by Bobbe Bridge (former Washington Supreme Court Justice)
As I write, millions — maybe billions — of words have been dedicated in print and orally to the life and legacy of Justice Ruth Bader Ginsburg: the law professor; the lawyer for the ACLU winning landmark rulings at the United States Supreme Court; the federal District Court Judge; the Supreme Court Justice; the Notorious RBG. She became an iconic figure in her later years, an idol in a black robe and lace collars — collars that were carefully selected (like her own words) to signal her meaning.
Continue reading I Became a Judge Because of Ruth Bader Ginsburg
by Carolyn Bick
Every year, Karen Treiger and her husband gather together with their family from across the world to celebrate Passover. They all unite from as far away as Israel, and spend a little more than a week together, she said, eight days that begin with two huge Passover seders, the name for the holiday’s feasts. It’s usually a joyful, warm affair, filled with quality family time, and opportunities to catch up with one another in person.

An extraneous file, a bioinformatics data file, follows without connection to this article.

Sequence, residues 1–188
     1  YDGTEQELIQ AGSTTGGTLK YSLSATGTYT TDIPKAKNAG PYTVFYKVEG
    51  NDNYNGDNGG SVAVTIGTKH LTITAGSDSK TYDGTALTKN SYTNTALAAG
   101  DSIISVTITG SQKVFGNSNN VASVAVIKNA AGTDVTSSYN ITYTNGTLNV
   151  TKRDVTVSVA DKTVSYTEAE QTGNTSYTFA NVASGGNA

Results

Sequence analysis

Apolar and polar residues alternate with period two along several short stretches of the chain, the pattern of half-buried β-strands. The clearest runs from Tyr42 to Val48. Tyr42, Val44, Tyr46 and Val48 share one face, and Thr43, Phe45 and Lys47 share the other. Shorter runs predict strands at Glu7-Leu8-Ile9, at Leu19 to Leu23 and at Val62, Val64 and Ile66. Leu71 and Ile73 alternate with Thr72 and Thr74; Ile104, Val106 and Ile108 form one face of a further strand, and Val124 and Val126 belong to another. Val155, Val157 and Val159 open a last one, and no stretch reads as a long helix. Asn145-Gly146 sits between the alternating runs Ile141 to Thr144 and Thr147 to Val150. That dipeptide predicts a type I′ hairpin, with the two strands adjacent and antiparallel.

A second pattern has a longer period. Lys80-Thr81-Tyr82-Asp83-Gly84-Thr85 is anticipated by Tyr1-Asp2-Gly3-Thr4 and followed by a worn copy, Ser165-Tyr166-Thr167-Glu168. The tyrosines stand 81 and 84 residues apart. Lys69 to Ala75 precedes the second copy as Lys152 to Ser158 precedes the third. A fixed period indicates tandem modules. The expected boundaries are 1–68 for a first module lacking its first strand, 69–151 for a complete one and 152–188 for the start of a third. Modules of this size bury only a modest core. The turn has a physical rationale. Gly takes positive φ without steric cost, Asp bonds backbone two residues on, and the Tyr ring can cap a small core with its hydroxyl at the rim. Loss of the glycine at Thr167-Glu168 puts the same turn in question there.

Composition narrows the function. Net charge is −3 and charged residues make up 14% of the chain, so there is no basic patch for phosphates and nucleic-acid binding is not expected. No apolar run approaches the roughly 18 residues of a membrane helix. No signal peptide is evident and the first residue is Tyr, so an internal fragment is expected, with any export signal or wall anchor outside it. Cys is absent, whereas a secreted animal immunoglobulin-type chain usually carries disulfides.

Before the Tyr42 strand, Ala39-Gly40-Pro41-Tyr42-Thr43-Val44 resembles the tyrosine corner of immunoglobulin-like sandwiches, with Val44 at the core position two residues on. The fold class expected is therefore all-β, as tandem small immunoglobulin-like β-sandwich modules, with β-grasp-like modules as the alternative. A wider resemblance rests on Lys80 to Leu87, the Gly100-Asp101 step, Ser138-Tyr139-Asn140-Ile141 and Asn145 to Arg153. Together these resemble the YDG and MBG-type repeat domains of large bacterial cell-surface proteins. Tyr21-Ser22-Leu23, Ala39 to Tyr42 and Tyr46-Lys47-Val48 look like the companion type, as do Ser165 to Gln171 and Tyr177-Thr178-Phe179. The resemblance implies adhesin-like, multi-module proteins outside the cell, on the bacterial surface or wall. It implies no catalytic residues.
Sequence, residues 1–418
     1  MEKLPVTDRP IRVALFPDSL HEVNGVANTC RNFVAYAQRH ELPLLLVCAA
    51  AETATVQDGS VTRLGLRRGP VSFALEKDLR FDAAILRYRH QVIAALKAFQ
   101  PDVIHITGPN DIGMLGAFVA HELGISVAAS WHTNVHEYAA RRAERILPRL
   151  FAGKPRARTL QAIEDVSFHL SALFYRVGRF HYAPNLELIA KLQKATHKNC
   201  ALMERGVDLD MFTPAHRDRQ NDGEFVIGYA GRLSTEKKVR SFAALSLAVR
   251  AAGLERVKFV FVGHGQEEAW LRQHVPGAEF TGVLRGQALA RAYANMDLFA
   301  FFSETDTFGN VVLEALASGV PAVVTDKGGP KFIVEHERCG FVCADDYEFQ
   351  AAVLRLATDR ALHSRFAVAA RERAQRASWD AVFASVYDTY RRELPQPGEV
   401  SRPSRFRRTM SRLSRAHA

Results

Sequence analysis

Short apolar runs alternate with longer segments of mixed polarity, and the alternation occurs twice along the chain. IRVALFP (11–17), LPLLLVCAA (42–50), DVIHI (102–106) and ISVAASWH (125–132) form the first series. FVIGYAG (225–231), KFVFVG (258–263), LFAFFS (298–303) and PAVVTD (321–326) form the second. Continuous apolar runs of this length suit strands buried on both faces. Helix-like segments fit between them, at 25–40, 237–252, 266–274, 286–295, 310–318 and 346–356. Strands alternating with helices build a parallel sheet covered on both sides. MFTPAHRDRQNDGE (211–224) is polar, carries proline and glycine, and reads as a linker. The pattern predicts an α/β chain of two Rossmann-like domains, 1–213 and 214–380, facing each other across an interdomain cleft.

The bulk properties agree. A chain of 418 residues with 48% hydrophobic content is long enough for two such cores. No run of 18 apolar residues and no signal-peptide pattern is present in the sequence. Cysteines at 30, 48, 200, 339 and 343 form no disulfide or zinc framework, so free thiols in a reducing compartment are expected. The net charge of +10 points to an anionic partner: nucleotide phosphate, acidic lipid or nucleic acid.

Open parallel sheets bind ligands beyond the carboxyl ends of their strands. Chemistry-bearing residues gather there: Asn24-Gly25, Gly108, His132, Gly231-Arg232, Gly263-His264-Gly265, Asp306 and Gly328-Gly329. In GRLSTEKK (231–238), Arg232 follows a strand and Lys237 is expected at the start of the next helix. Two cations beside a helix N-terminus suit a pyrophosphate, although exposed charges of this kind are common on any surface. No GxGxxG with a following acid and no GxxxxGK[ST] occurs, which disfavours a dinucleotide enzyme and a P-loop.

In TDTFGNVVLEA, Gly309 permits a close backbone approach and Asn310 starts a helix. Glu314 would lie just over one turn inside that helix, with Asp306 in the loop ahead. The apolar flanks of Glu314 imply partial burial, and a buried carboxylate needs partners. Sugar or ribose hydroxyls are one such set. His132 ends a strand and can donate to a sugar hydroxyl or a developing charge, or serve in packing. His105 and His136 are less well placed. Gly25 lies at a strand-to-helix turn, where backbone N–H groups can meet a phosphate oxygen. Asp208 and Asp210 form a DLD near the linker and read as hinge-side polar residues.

But the global outbreak of COVID-19 has changed all that. This year, Passover, which begins April 8, will be a smaller, quieter affair. Familiar faces will be absent. They’ll still hide the afikomen, but it won’t be as much fun, without kids to look for it alongside adults. The couple will not get to see some of their own children and other family members. It’s just not safe. Still, Treiger counts herself lucky, because she has family in the area.
“It won’t just feel like me and my husband sitting at the tables by ourselves, which, I think, for some people, it will be. And that is going to be really hard,” she said.
Continue reading With Passover around the corner, Seward Park’s Orthodox Jews feel the impacts of COVID-19